College softball: Pat Summitt, Lady Vols legacy drew pitcher Gabby Sprang to Tennessee
Karen Weekly threw the conversational equivalent of a knee bending change-up when she asked Gabby Sprang: "Are you Norwegian?"
Tennessee's co-head softball coach was speaking by cell phone about five years ago to the highly regarded pitching prospect who was from Rosemount, Minn. Weekly had reason to spring a surprise on Sprang when she called.
Weekly said her family came to Minnesota from Norway before eventually settling in Seattle. Along with her Scandinavian lineage, Weekly also grew up attending a Lutheran church.
"In Minnesota, there's a pretty good chance you're Norwegian and there's a pretty good chance you are Lutheran," Weekly said, "Not 90 percent but 7 out of 10."
So her question was calculated. Turns out Sprang was one of the seven.
"We were like 'Oh my gosh,'" Sprang said. "It was cool. We related."
How Pat Summitt played a role in bringing Sprang to Tennessee
Sprang, the 6-foot-1 left-hander, said that she chose Tennessee primarily because she related to the school's history for supporting women's athletics.
"The No. 1 thing was Pat Summitt and how well they support the Lady Vols," said Sprang, who also played basketball in high school and grew up watching the Tennessee coach and her teams on television.
"We have amazing fans every year, which is like no other place I went to. Here, softball is a big deal and women's athletics is a big deal because of Pat Summitt. That really separated (UT) as well as the amazing (softball) coaches and the winning tradition."
A significant part of that tradition has been restored for this season, thanks to former UT athletic director John Currie's decision last fall to restore usage of the "Lady Vols" name for all women's sports. In so doing, he reversed a 2014 decision that restricted the name's usage to only women's basketball.
A large Lady Vols logo adorns the outfield wall at Lee Stadium.
Can Sprang be the next Monica Abbott?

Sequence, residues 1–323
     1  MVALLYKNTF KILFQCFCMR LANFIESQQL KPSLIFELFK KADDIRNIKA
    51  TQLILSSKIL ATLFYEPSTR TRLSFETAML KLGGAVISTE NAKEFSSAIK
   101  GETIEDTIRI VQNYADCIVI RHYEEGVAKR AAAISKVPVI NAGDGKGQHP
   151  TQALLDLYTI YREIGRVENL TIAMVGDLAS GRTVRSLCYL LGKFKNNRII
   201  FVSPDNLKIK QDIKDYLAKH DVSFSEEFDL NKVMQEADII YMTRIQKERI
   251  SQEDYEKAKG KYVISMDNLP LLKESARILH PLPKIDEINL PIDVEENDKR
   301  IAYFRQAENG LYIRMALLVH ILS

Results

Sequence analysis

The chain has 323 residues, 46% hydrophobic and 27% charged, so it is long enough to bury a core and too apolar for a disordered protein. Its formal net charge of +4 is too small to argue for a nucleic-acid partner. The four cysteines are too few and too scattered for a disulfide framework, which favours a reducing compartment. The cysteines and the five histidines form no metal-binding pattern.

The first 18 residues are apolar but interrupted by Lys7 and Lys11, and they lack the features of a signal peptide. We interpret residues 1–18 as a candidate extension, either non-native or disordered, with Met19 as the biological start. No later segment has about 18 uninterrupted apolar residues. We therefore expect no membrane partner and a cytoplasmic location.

Sprang is Tennessee's first high-profile left-handed pitcher since Lady Vols superstar Monica Abbott. Left-hander Danielle Pieroni was an outfielder as well as a pitcher from 2006-09.
Sprang met Abbott two years ago and described the meeting as "super cool." Being a left-hander gives Sprang a unique advantage. At least that is what she's been told.
"The hitters here always tell me or like anyone who hits against me that it's hard to see my ball," she said. "It's a different angle. They're not used to it."
A Big Orange thank you to everyone who came to our meet and greet today! What a great way to start the countdown for this season-only more days! pic.twitter.com/3KOg0xtR2v— Tennessee Softball (@Vol_Softball) January 27, 2018
UT's other co-head softball coach, Ralph Weekly, places a higher premium on Sprang's control. He said assistant coach Marty McDaniel has tinkered with Sprang's style a bit, creating some short-term uncertainty.
"Her stuff is really good, her movement is excellent," Karen Weekly said. "It's just being consistent."
A third pitcher to buttress last season's duo of Caylan Arnold and Matty Moss could pay huge dividends for Tennessee, which is ranked No. 12 in the USA Today coaches preseason top 25 poll. The Lady Vols open their season Thursday with a doubleheader against Boise State and No. 23 Arizona State at the Kajikawa Classic in Tempe, Ariz.
In last season's Super Regional against Texas A&M, the Lady Vols finished one victory short of the Women's College World Series. Arnold and Moss allowed 17 hits in the three games but 14 other runners reached via walks or hit batters.
"Our pitchers, we only had two of them, and they were just tiring," Ralph Weekly said.
Sprang placed her thumb and forefinger about an inch apart and said, "We were this close to going to the World Series last year."
She'd like to help close that gap.